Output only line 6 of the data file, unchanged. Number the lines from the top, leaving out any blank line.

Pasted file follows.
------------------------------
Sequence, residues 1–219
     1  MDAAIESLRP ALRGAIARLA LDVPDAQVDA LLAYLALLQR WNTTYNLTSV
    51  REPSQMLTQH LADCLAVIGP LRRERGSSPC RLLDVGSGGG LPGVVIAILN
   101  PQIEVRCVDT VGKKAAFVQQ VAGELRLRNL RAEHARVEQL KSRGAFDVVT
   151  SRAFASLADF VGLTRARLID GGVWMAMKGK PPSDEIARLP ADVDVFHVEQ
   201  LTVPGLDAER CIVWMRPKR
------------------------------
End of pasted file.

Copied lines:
   201  LTVPGLDAER CIVWMRPKR